I’ve been working on and off on scale linkage problems for more than 30 years. The most recent effort, Vanishing Point: Scale Independence in Geomorphological Hierarchies, has just been published.
The abstract is below:
Scale linkage problems in geosciences are often associated with a hierarchy of components. Both dynamical systems perspectives and intuition suggest that processes or relationships operating at fundamentally different scales are independent with respect to influences on system dynamics. But how far apart is “fundamentally different”—that is, what is the “vanishing point” at which scales are no longer interdependent? And how do we reconcile that with the idea (again, supported by both theory and intuition) that we can work our way along scale hierarchies from microscale to planetary (and vice-versa)? Graph and network theory are employed here to address these questions. Analysis of two archetypal hierarchical networks shows low algebraic connectivity, indicating low levels of inferential synchronization. This explains the apparent paradox between scale independence and hierarchical linkages. Incorporating more hierarchical levels results in an increase in complexity or entropy of the network as a whole, but at a nonlinear rate. Complexity increases as a power aof the number of levels in the hierarchy, with aand usually < 0.6. However, algebraic connectivity decreases at a more rapid rate. Thus, the ability to infer one part of the hierarchical network from other level decays rapidly as more levels are added. Relatedness among system components decreases with differences in scale or resolution, analogous to distance decay in the spatial domain. These findings suggest a strategy of identifying and focusing on the most important or interesting scale levels, rather than attempting to identify the smallest or largest scale levels and work top-down or bottom-up from there. Examples are given from soil geomorphology and karst flow networks.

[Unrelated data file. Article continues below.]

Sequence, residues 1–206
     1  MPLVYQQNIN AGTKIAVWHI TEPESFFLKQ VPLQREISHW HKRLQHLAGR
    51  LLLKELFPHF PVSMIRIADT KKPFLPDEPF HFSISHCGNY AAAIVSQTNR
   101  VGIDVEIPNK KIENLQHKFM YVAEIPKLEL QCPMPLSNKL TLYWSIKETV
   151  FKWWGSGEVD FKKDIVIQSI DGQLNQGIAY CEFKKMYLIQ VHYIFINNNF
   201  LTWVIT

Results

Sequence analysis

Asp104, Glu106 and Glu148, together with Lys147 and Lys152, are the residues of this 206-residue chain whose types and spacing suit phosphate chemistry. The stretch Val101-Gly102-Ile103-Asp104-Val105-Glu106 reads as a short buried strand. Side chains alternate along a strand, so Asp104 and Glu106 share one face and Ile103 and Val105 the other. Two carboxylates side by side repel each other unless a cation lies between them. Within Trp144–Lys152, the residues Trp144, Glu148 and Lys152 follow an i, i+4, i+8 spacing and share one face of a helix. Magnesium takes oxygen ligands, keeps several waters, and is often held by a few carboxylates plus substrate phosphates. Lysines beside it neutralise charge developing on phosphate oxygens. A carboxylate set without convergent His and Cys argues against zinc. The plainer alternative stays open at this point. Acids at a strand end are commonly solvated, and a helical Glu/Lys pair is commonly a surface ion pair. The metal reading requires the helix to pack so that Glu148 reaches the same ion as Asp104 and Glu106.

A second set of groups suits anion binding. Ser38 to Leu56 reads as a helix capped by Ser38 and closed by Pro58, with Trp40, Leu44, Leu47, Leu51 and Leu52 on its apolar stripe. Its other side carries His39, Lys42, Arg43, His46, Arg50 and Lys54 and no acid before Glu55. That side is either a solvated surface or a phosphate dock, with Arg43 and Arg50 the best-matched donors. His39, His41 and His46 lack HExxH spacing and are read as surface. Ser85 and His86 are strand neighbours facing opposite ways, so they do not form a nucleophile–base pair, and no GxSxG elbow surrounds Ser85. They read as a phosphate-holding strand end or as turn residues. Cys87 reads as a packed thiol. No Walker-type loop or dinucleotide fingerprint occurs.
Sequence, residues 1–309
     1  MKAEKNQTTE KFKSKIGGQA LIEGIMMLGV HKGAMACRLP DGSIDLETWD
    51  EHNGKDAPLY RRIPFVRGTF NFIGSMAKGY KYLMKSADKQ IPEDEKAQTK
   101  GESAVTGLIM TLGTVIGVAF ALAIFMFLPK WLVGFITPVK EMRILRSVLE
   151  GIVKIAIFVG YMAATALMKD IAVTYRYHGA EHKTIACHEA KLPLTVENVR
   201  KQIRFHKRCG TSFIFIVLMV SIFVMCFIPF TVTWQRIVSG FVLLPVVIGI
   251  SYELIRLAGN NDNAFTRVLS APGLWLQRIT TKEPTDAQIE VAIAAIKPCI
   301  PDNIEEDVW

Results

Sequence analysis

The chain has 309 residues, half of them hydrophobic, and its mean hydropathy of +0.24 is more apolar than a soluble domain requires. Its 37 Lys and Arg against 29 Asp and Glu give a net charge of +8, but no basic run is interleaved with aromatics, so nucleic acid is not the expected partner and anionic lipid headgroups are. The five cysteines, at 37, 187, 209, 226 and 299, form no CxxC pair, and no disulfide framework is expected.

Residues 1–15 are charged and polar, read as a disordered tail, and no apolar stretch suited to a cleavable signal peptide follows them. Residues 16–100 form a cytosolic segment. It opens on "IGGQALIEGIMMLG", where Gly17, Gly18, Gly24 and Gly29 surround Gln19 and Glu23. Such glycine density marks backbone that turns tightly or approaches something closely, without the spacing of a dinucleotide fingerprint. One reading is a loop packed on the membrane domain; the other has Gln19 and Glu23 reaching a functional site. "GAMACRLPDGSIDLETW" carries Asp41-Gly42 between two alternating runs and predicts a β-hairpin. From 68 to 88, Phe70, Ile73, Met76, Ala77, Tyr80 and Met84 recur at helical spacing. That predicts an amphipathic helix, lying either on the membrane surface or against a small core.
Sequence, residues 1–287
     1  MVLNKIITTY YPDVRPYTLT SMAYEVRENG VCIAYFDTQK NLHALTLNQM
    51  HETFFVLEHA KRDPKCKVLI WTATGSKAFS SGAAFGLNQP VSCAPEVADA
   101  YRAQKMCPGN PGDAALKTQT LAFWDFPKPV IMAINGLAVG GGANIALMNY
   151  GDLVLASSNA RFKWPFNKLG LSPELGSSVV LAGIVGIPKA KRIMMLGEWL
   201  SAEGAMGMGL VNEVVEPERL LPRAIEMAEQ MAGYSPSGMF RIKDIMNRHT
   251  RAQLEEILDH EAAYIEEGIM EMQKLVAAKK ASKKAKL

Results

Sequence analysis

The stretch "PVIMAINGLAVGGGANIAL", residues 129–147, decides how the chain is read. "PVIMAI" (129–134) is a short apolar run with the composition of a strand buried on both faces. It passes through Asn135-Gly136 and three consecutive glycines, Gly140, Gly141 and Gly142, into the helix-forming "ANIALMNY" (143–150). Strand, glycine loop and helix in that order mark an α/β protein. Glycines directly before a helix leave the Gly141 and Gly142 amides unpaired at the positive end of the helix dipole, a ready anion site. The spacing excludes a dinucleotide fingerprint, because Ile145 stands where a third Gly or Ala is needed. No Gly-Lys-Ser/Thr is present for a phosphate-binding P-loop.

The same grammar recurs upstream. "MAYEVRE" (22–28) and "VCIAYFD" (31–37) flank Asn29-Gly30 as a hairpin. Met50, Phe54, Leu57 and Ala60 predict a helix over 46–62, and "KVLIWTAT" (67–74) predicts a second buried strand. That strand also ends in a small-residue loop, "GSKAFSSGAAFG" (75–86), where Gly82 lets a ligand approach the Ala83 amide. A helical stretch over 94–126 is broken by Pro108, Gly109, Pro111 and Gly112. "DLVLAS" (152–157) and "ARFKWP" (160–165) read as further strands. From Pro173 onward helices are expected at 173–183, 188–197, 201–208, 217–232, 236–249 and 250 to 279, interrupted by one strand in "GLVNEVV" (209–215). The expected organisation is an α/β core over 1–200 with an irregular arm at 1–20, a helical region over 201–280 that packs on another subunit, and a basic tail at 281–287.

Keywords: scale linkage; scale hierarchy; graph theory; soil geomorphology, fluviokarst